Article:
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Mikha v. Gastelo

United States District Court, C.D. California

June 20, 2016

MASHRIK MIKHA, Petitioner,
J. GASTELO, Warden, Respondent.



         I. SUMMARY

         On June 2, 2016, Mashrik Mikha ("petitioner"), a state prisoner who is proceeding pro se, signed a Petition for Writ of Habeas Corpus ("Petition") which was formally filed on June 8, 2016. Petitioner, who is currently incarcerated at the California Men's Colony in San Luis Obispo County, appears to challenge a 2014 judgment in Los Angeles County Superior Court, essentially claiming that the sentencing court imposed an illegal enhancement and failed to check an appropriate "credit" box on the abstract of judgment - both of which have effectively denied him certain sentencing credits to which he is entitled. (Petition at 3-4). It plainly appears from the face of the Petition that the Petition is wholly unexhausted as petitioner's claims have not been presented to or resolved by the California Supreme Court (Petition at 5-6), and accordingly, that petitioner is not entitled to federal habeas relief on his claims at this time. As explained below, the Court dismisses this action without prejudice pursuant to Rule 4 of the Rules Governing Section 2254 Cases in the United States District Courts, which requires a judge promptly to examine a federal habeas petition, and to dismiss it if "it plainly appears from the petition and any attached exhibits that the petitioner is not entitled to relief in the district court. . . ."


         A federal court will not grant a state prisoner's petition for writ of habeas corpus unless it appears that the prisoner has exhausted available state remedies. 28 U.S.C. § 2254(b), (c); Baldwin v. Reese, 541 U.S. 27, 29 (2004); O'Sullivan v. Boerckel, 526 U.S. 838, 842 (1999); Park v. California, 202 F.3d 1146, 1150 (9th Cir.), cert. denied, 531 U.S. 918 (2000). "For reasons of federalism, 28 U.S.C. § 2254 requires federal courts to give the states an initial opportunity to correct alleged violations of its prisoners' federal rights." Kellotat v. Cupp, 719 F.2d 1027, 1029 (9th Cir. 1983) (citation omitted).

         Exhaustion requires that the prisoner's contentions be fairly presented to the highest court of the state. Davis v. Silva, 511 F.3d 1005, 1008 (9th Cir. 2008) (citation omitted); James v. Borg, 24 F.3d 20, 24 (9th Cir.), cert. denied, 513 U.S. 935 (1994). A claim has not been fairly presented unless the prisoner has described in the state court proceedings both the operative facts and the federal legal theory on which his claim is based. See Duncan v. Henry, 513 U.S. 364, 365-66 (1995) (per curiam); Anderson v. Harless, 459 U.S. 4, 6 (1982) (per curiam); Scott v. Schriro, 567 F.3d 573, 582 (9th Cir.) (per curiam), cert. denied, 558 U.S. 1091 (2009); Weaver v. Thompson, 197 F.3d 359, 364 (9th Cir. 1999).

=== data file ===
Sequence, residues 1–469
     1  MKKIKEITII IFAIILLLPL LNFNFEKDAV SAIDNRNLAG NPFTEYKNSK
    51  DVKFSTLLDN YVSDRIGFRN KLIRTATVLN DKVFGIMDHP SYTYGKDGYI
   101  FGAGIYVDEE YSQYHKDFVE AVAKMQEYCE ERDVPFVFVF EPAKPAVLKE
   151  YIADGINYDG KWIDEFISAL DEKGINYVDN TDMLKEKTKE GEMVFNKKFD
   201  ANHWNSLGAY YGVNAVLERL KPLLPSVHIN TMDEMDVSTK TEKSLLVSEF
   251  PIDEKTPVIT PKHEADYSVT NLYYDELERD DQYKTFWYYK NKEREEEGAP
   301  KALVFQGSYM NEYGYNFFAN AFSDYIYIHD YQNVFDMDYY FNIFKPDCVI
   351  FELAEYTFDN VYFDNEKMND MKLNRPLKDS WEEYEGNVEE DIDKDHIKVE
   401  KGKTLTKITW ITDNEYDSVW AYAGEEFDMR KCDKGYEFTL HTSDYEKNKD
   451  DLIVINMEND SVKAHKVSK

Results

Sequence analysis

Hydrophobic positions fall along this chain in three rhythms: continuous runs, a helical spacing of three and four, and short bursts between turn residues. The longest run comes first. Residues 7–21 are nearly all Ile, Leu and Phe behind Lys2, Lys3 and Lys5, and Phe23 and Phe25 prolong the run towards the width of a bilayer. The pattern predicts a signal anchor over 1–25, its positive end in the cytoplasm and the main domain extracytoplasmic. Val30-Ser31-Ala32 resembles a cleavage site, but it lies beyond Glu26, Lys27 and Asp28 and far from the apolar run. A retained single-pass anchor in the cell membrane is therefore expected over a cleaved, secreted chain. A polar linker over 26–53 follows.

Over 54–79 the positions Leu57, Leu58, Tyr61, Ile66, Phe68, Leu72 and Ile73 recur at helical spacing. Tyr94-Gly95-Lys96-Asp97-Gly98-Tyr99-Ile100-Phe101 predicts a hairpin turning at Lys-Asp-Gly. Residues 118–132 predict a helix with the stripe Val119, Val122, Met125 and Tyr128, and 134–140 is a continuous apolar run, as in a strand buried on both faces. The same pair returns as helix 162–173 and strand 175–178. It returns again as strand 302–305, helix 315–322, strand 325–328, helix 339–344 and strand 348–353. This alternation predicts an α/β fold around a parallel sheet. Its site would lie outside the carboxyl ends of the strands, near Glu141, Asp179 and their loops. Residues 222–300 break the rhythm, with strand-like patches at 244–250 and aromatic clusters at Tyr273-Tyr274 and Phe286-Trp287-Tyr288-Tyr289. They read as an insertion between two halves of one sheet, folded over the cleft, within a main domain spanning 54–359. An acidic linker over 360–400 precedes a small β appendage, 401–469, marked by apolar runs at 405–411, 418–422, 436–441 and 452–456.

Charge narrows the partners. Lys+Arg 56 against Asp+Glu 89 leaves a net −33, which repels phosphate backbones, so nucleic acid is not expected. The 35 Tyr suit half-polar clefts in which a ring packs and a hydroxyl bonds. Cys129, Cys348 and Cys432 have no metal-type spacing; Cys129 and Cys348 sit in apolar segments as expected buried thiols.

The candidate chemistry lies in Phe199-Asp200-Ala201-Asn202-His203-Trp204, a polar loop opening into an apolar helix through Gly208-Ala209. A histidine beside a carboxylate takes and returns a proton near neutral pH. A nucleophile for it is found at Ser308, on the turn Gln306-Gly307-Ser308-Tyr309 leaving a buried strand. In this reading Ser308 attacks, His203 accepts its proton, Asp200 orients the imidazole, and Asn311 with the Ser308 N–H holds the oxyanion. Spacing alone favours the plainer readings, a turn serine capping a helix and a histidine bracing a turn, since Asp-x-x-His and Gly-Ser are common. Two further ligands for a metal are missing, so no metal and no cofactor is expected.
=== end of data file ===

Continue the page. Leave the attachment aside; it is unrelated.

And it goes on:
Petitioner has the burden of demonstrating he has exhausted available state remedies. See, e.g., Williams v. Craven, 460 F.2d 1253, 1254 (9th Cir. 1972) (per curiam); Rollins v. Superior Court, 706 F.Supp.2d 1008, 1011 (C.D. Cal. 2010).

         In the present proceeding, the Petition affirmatively reflects that petitioner has not presented his instant claims to the California Supreme Court. (Petition at 5-6). More specifically, the Petition reflects that petitioner has presented claims challenging sentencing credit only to the Los Angeles County Superior Court, has not sought review in the California Supreme Court, has not filed any other petitions, applications, or motions with respect to the conviction commitment or issue in any court, and has no other petition, appeal, or other matter pending in any court. (Petition at 5-6 [Responses to Questions 8, 9, 12 & 17]).[1] Accordingly, it plainly appears from the face of the Petition that petitioner cannot meet his burden to demonstrate that he has exhausted his claims.

         Although it is clear that the California Supreme Court has not been presented with and has not addressed petitioner's claims, the exhaustion requirement may nonetheless be satisfied if petitioner's claims are clearly procedurally barred under state law. See Castille v. Peoples, 489 U.S. 346, 351-52 (1989); Johnson v. Zenon, 88 F.3d 828, 831 (9th Cir. 1996). In this case, it is not at all "clear" that the California Supreme Court would deem petitioner's claims procedurally barred under state law if he raised the claims in a habeas petition directed to such court. See In re Harris, 5 Cal.4th 813, 825 (1993) ("[H]abeas corpus has become a proper remedy in this state to collaterally attack a judgment of conviction which has been obtained in violation of fundamental constitutional rights.") (citations omitted); People v. Sorenson, 111 Cal.App. 2d 404, 405 (1952) (claims that fundamental constitutional rights have been violated may be raised by state habeas petition). However, this Court expresses no opinion regarding whether consideration of petitioner's claims might be foreclosed by the principles discussed in In Re Clark, 5 Cal.4th 750, 763-87 (1993). The California Supreme Court should evaluate the matter in the first instance. Even if an applicable state procedural bar exists, the California Supreme Court nevertheless might choose to reach the merits of petitioner's claims. See, e.g., Park, 202 F.3d at 1151-52.

         Once, as in this case, a Court determines that a habeas petition contains only unexhausted claims, it may dismiss the petition for failure to exhaust. Rasberry v. Garcia, 448 F.3d 1150, 1154 (9th Cir. 2006). Accordingly, because the Petition in this case is wholly unexhausted, dismissal thereof on this ground is appropriate.

         III. ORDER

         IT IS THEREFORE ORDERED that the Petition is dismissed without prejudice and that Judgment be entered accordingly.

         IT IS ...

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